Friday, March 4, 2011


He who tills his land will be satisfied with bread, but he who follows frivolity is devoid of understanding. Proverbs 12:11

It is never a good sign when on a Monday morning I feel that internal urge to just settle for what we deserve in public policy. Life was less complicated 18 years ago when I was going through the motions of life with no particular regard one way or the other for government. The rate of taxation, environmental policy, foreign policy, health care, even pro-life issues were a mere blip on my radar screen as I went through the daily routine of the care and feeding of my family. I couldn’t allow anything like the evening news to interfere with my schedule.

It took a major breech of parental rights for me to comprehend the full power and reach of the government. I was not amused to find that while my peers and I had been engrossed in our day to day living, our government had taken on roles and responsibilities it was never designed to encompass. And so, I had my first understanding that the phrase, ‘Somebody ought to do something’ meant get to work.

This morning, listening to the appropriations committee, reading some of the bills that have been filed, going over the news clips of the state and nation, and reviewing the emails in my inbox asking for action on first one item and then another, I fail to see where we have made any significant progress in the past 18 years.

Our government is like a garden. The ground was carefully tilled and prepared with our Declaration of Independence and Constitution. The appropriate roles of the various branches of government were planted, laid out like the neat rows of plants in a spring garden. But, as our nation began to grow and the government expanded to accommodate the times, weeds began to grow up beside the legitimate plants. The occasional misappropriation of funds for private gain, over regulation of business to benefit a specific special interest, or intrusion into personal rights and responsibilities didn’t seem like such a big deal in the whole scheme of things.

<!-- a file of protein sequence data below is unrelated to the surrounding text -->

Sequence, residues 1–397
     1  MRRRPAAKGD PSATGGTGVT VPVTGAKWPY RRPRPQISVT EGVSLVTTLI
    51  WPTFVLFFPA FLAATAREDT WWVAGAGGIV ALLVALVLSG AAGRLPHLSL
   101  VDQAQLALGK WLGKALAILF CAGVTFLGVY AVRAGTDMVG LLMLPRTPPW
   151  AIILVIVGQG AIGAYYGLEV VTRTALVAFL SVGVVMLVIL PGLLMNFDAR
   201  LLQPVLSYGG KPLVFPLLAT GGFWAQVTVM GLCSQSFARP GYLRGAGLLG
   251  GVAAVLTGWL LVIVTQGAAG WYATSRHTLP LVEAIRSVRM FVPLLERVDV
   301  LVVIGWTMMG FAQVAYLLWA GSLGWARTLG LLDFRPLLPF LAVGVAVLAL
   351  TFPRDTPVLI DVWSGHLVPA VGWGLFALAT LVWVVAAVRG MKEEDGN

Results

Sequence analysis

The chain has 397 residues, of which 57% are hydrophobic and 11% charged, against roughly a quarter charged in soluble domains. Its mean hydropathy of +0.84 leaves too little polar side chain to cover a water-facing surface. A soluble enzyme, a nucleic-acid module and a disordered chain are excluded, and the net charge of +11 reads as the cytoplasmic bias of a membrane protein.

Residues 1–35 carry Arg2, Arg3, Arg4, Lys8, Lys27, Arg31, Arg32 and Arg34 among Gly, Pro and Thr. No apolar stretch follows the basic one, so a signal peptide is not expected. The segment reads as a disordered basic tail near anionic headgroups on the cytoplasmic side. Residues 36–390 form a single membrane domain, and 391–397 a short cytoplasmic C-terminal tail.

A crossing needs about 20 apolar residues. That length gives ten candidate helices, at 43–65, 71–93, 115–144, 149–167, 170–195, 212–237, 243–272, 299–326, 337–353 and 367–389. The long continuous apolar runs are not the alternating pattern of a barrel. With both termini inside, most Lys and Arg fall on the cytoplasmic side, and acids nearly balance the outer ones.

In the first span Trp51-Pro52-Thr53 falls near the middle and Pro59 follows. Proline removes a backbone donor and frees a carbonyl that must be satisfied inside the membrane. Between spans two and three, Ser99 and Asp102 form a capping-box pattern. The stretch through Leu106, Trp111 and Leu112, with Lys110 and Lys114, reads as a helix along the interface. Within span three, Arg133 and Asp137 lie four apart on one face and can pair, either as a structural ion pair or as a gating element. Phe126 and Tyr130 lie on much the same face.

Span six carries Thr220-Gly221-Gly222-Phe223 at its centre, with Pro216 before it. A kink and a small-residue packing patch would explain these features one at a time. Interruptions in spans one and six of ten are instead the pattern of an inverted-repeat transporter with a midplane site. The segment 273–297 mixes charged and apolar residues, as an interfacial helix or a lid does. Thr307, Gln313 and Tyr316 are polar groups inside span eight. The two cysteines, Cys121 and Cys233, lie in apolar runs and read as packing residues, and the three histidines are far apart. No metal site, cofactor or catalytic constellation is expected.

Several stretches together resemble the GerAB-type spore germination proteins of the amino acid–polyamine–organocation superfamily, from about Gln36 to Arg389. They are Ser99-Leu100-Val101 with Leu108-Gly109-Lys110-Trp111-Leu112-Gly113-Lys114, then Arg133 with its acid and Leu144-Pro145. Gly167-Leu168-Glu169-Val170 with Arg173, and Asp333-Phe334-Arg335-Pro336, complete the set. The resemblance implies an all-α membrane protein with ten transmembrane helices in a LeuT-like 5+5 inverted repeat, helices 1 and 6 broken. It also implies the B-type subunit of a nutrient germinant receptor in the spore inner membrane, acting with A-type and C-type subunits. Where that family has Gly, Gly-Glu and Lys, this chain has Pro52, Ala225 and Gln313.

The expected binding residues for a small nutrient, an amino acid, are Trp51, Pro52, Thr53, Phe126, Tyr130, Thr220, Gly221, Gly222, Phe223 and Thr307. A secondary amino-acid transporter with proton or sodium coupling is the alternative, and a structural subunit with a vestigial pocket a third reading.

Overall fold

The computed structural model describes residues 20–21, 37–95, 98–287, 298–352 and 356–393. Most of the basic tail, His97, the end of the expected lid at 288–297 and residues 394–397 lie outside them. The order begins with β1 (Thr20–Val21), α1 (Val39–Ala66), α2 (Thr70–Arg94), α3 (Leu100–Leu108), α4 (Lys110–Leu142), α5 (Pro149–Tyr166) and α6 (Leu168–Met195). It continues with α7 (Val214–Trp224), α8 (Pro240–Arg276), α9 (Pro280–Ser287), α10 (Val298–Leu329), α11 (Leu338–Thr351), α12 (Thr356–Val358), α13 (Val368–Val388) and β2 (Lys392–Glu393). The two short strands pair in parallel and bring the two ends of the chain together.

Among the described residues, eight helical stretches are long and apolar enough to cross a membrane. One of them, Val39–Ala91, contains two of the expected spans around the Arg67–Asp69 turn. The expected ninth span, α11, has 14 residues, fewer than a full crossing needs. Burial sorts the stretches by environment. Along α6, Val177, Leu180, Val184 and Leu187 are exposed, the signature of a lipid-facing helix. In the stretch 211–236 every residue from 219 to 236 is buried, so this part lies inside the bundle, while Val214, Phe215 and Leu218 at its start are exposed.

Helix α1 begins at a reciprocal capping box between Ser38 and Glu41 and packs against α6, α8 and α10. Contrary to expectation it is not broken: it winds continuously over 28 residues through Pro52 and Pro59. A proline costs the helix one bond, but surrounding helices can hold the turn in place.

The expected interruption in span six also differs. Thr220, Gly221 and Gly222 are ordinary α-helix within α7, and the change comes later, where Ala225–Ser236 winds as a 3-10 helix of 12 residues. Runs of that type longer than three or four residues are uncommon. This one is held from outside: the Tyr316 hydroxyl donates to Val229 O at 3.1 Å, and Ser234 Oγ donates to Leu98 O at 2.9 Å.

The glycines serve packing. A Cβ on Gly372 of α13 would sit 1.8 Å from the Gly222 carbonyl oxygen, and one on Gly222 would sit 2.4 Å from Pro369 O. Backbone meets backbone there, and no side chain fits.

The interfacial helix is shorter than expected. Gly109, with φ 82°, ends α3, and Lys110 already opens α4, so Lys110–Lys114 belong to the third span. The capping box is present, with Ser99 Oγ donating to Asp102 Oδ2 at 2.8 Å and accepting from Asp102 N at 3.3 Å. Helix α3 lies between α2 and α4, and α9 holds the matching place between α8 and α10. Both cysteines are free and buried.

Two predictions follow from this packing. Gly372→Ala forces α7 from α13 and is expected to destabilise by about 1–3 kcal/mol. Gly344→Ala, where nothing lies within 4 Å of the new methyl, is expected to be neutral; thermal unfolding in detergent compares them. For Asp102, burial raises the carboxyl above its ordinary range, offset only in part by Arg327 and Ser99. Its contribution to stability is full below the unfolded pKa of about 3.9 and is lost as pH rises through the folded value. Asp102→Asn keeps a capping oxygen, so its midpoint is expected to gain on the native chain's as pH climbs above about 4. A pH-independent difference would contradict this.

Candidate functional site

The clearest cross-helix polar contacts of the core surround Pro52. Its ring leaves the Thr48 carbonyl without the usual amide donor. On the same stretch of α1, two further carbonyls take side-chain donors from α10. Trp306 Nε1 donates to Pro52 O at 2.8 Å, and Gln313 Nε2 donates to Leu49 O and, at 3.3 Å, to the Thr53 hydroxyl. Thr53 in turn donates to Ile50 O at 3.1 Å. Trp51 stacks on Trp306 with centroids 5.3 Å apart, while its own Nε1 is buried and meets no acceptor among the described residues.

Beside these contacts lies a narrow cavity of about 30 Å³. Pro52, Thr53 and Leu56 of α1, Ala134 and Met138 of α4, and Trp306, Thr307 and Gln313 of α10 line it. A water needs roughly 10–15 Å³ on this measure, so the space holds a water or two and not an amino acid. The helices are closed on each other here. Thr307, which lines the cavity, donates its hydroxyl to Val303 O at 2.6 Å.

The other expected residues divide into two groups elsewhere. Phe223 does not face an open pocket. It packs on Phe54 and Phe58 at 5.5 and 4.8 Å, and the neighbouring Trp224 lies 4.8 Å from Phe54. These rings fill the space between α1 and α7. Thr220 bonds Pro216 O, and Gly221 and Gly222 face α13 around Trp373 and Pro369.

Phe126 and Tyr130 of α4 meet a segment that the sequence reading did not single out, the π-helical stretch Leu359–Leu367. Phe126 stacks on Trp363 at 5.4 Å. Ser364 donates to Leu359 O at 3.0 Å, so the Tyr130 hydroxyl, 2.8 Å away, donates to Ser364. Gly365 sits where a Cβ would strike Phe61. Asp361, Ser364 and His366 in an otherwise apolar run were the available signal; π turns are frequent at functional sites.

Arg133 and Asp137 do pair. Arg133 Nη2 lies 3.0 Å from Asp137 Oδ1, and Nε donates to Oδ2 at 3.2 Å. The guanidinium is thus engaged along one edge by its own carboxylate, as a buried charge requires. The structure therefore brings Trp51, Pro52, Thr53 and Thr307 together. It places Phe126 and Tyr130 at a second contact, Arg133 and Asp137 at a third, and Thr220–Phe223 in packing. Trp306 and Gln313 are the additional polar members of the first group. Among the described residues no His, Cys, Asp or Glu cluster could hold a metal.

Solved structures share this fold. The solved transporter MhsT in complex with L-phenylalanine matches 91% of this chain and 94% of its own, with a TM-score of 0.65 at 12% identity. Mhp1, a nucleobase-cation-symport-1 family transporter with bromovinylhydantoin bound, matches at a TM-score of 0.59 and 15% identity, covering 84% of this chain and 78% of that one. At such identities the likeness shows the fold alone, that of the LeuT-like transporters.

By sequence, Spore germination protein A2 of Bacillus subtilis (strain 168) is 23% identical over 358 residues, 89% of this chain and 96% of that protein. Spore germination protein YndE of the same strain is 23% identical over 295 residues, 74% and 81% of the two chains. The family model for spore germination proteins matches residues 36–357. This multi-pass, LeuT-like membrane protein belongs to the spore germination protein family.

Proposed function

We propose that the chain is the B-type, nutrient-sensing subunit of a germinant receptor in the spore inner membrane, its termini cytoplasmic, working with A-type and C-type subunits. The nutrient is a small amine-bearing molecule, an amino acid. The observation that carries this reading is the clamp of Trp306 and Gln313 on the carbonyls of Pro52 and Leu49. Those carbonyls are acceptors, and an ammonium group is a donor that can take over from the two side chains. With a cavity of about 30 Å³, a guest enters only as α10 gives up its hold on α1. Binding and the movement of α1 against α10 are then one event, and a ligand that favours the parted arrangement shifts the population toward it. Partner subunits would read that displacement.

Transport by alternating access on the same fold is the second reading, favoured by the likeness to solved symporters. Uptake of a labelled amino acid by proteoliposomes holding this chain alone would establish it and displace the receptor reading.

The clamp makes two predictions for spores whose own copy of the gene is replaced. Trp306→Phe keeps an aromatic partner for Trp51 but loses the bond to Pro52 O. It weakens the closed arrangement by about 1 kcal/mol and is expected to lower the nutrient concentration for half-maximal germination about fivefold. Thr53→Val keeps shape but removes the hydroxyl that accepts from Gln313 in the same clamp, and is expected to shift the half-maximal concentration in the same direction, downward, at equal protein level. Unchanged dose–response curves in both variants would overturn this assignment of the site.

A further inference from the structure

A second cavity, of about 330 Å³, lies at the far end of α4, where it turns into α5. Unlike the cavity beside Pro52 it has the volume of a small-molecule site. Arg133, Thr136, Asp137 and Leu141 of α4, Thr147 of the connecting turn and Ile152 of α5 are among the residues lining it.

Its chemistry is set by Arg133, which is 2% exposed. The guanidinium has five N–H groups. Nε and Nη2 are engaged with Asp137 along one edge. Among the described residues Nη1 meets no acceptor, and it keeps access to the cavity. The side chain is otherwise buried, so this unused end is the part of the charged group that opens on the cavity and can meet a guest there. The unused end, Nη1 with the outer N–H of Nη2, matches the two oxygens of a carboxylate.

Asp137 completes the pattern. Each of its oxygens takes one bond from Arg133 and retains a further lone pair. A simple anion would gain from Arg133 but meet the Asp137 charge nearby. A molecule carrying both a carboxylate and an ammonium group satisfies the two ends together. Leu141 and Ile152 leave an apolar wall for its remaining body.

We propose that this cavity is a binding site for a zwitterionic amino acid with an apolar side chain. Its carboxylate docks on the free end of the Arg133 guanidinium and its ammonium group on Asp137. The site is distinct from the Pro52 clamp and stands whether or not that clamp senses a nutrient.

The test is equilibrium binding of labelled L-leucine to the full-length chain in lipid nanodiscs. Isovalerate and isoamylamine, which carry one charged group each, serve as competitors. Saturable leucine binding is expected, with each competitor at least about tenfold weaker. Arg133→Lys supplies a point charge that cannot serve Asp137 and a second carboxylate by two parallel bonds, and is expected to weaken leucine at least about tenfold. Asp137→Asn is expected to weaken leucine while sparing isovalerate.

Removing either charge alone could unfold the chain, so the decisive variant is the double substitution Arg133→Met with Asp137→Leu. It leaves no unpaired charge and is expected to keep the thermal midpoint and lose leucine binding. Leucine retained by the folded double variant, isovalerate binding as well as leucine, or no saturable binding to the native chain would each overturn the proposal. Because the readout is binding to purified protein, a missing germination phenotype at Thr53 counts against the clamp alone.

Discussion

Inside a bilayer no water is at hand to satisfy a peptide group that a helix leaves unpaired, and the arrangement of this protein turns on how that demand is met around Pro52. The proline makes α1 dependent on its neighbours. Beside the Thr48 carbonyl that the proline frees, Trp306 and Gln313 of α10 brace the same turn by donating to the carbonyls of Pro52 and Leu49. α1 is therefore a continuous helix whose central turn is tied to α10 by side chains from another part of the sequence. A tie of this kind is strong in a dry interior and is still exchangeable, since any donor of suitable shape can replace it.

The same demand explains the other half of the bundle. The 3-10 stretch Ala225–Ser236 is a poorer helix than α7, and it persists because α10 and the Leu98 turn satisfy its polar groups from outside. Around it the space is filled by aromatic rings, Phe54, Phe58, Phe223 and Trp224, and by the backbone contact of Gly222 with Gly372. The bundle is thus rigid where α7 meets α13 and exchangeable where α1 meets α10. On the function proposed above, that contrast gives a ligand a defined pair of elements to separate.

The little roots of those weeds took hold as the cultivation of our garden was ignored. Now, after all the years of neglect, it is like walking into a vegetable garden after a summer rain. The deer ate all the green bean vines. The cucumber plants have exceeded their boundaries and are trying to overtake the pepper plants. The tops of the tomato bushes have been beaten down and need to be staked to keep the fruit from rotting on the ground. Through it all the weeds are so thick that pulling them out puts the roots of the legitimate plants at risk. (And, did I mention the temperature and humidity are both in the 90”s?) Restoration of the garden is hard work.

The eternal optimist in me leads me to plant a garden every spring, knowing the frustrations i will face in the summer. The occasional fresh tomato, squash or cucumber makes the effort worth while, even when the price of the produce in the grocery store is less than the cost of the garden. But, alas, there comes that point where I throw up my hands and concede that the weeds and the deer have won at the end of each season.

Looking at the “government garden” this morning makes me shake my head and question the effort to fight back the weeds. But, alas, the alternative is not an option.

Lord, help us. Amen.

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